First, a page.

Tact Switch Handwired Keyboard (Part 1)


The other day, I was browsing r/mechanicalkeyboards and saw this:

Photo by u/MiiNK1Y

It was a tiny ortholinear keyboard kit using tactile switches as buttons, sold on mechkeys.co.uk. Being a custom keyboard fanatic (long story), I was immediately intrigued. My immediate instinct was to buy the kit, but I already have so many keyboards in my collection, and I don’t want to waste my hard-earned cash feeding this hobby that I cultivated into an unholy amalgam of hoarding and obsession. Besides, I think I am out-growing building pre-made kits and am looking to venture into more DIY projects. Figuring that tact switches are pretty cheap and that I had the rest of the components stocked up already, I thought for a minute about how I could actually use a super tiny keyboard. Just a few days before, I got a shipping notification for an item I ordered long ago (purchased in a group buy): the nice!nano microcontroller board with Bluetooth built-in. Then it clicked: I could make a wireless keyboard for use with my nVidia Shield in a hybrid form-factor which facilitated typing, as well as using it as a remote. So it was decided. I would build my first hand-wired keyboard which I could use while watching TV, and type using thumbs by holding it with both hands.


The PocketType uses small switches (I couldn’t find the exact model or dimensions for the switches online). But judging by the pictures, the height of a pro-micro is approximately 4-keys high. That would make the switches around 4x4mm. I tried to find similar switches on Amazon, but couldn’t find anything in those dimensions which also came with caps. I settled instead for 12x12mm switches which were super cheap and included nice colorful caps to boot: 70 piece momentary switch kit.

Next, I took a pen, paper and a ruler to draw some layouts to scale. This gave me a better idea of how well I can use those switch sizes. I concluded that these switches are a just tad too large for typing with thumbs, but I will make do. With the idea that I’d be holding this thing with both hands and using the thumbs to type, this is what I came up with:

Switch footprint drawn to scale, layout design

  • 3x6 grid for each hand for alphabets and modifiers
  • OLED screen in the middle to display information about battery, future features, etc.
  • Buttons on the top side, reachable by the index fingers.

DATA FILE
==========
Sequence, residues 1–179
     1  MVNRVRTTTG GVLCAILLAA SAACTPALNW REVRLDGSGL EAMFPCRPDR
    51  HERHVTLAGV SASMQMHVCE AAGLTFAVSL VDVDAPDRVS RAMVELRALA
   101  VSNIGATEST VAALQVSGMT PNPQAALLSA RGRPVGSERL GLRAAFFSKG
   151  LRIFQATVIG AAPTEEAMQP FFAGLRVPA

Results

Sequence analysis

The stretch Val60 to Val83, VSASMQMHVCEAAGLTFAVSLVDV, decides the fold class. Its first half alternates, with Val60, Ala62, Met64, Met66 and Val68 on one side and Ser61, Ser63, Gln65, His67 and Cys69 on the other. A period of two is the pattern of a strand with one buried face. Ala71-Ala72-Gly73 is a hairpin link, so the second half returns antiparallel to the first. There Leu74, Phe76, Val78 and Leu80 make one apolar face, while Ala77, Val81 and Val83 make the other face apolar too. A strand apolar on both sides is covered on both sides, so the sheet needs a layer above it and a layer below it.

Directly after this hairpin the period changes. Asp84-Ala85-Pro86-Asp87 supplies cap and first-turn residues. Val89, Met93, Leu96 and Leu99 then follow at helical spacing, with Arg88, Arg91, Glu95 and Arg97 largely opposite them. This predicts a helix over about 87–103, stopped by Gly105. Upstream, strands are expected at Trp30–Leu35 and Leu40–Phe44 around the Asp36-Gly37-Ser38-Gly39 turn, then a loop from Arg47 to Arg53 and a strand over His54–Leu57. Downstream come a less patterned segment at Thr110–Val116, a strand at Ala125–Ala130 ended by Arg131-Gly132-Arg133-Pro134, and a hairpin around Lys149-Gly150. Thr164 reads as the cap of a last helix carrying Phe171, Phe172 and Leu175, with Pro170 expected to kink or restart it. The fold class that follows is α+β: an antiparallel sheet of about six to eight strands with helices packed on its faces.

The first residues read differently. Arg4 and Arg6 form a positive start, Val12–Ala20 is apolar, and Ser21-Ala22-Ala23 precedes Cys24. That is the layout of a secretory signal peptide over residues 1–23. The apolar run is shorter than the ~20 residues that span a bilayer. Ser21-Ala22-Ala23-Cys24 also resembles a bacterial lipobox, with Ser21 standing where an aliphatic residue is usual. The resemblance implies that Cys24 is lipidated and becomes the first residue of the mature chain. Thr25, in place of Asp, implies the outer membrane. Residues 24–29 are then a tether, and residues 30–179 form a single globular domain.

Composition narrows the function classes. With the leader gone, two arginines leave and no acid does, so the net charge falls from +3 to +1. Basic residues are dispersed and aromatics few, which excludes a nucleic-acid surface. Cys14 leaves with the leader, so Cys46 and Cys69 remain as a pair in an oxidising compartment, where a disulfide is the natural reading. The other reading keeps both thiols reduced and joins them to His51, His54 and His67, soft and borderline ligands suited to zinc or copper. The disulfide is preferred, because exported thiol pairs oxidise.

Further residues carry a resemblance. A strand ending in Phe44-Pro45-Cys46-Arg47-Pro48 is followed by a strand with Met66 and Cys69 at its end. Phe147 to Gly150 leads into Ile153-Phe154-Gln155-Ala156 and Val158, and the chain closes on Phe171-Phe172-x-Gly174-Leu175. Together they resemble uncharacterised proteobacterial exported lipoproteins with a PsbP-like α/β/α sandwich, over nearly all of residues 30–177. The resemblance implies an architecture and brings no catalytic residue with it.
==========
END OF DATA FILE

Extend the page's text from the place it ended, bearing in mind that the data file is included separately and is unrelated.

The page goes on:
• Can be used for volume/home/back buttons when holding sideways as a remote
    • Can be used as shoulder buttons for playing games, maybe?
  • Buttons on the back where the middle and ring fingers rest (inspired by Scuf game controller).
    • Can be used for modifiers, layer switching, etc.
    • Don’t have to be tact switches, can also be low-profile keyboard switches. TBD.
  • Slide switch on the top as a power toggle. Might also be a momentary switch. TBD.

I wanted to get a feel of the finished product in my hand, so I fished around in my storage for large cardboard boxes that I can fold. Luckily, I actually found a box I got when I ordered a replacement screen for my Nexus 5 way back on 2017, which fits pretty perfectly in my hand (if a little too thick). So I wrapped a paper around it, and tried out the button positions from the diagram above, and found myself satisfied. This is going to be the keyboard’s body.

Switches and caps What it might look like Front grip Back grip Top grip Usage example

Next steps

Look into better casing

The cardboard box I found has dimensions these dimensions: 17.5mm x 9.2mm x 3.2mm. It’s a little too thick, but otherwise nearly perfect: chunky enough to hold onto, but compact enough to be a thick remote. While it’s fortunate that I found it, it occurred to me that there’s another set of devices which are optimized for holding with 2 hands: game controllers. I have a couple of old controllers that I don’t use anymore, and while they’re awesome to hold with both hands, they’re not too convenient for one-handed usage. I needed something more or less rectangular (cuboidal, if we’re being pedantic), and I immediately thought of hand-held consoles. I had a Nintendo DS Lite, which is one of my favourite form factors. I could get a replacement shell from eBay for under $20. I’ll need to look into the measurements and teardowns to determine how much space I’ll have, what parts I can actually reuse, etc.

Build the keyboard

Building the keyboard involves wiring the switches in a matrix and connecting them to the micro controller of choice. The QMK keyboard firmware’s docs have a great guide on hand-wiring. But QMK doesn’t have great support for Bluetooth, of which the nice!nano board is capable. Nice!nano’s docs recommend BlueMicro, which is a QMK fork on which Bluetooth is a first class citizen. While a lot of QMK features are missing, the most useful ones (like layers) are available. For everything else, I’m sure I can handle the coding (having been messing around with QMK a lot over the past year, another long story).

I’m excited to see where this goes. I just hope I can see this project to completion before my interest in this fizzles out. Thank you for reading!